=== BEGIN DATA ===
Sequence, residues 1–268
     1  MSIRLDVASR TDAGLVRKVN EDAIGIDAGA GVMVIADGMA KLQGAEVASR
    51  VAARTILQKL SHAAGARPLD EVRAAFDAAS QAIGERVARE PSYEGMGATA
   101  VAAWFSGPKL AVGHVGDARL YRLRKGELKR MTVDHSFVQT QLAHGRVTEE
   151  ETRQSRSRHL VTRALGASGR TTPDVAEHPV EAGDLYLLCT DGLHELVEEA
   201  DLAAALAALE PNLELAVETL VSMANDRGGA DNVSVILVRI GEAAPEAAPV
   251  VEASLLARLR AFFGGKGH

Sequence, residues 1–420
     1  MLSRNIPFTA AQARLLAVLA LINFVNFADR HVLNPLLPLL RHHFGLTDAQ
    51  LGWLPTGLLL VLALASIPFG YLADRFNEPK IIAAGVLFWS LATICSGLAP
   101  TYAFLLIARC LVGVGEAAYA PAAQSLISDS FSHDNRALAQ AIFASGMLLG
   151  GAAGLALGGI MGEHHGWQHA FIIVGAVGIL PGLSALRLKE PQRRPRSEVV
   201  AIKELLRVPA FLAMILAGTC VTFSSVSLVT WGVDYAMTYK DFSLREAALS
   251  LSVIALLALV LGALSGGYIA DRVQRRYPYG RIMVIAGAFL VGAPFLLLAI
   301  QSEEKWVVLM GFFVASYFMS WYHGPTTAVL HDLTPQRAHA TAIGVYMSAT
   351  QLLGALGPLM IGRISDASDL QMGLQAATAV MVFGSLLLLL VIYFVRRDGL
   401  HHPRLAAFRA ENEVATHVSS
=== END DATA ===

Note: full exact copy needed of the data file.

Sequence, residues 1–268
     1  MSIRLDVASR TDAGLVRKVN EDAIGIDAGA GVMVIADGMA KLQGAEVASR
    51  VAARTILQKL SHAAGARPLD EVRAAFDAAS QAIGERVARE PSYEGMGATA
   101  VAAWFSGPKL AVGHVGDARL YRLRKGELKR MTVDHSFVQT QLAHGRVTEE
   151  ETRQSRSRHL VTRALGASGR TTPDVAEHPV EAGDLYLLCT DGLHELVEEA
   201  DLAAALAALE PNLELAVETL VSMANDRGGA DNVSVILVRI GEAAPEAAPV
   251  VEASLLARLR AFFGGKGH

Sequence, residues 1–420
     1  MLSRNIPFTA AQARLLAVLA LINFVNFADR HVLNPLLPLL RHHFGLTDAQ
    51  LGWLPTGLLL VLALASIPFG YLADRFNEPK IIAAGVLFWS LATICSGLAP
   101  TYAFLLIARC LVGVGEAAYA PAAQSLISDS FSHDNRALAQ AIFASGMLLG
   151  GAAGLALGGI MGEHHGWQHA FIIVGAVGIL PGLSALRLKE PQRRPRSEVV
   201  AIKELLRVPA FLAMILAGTC VTFSSVSLVT WGVDYAMTYK DFSLREAALS
   251  LSVIALLALV LGALSGGYIA DRVQRRYPYG RIMVIAGAFL VGAPFLLLAI
   301  QSEEKWVVLM GFFVASYFMS WYHGPTTAVL HDLTPQRAHA TAIGVYMSAT
   351  QLLGALGPLM IGRISDASDL QMGLQAATAV MVFGSLLLLL VIYFVRRDGL
   401  HHPRLAAFRA ENEVATHVSS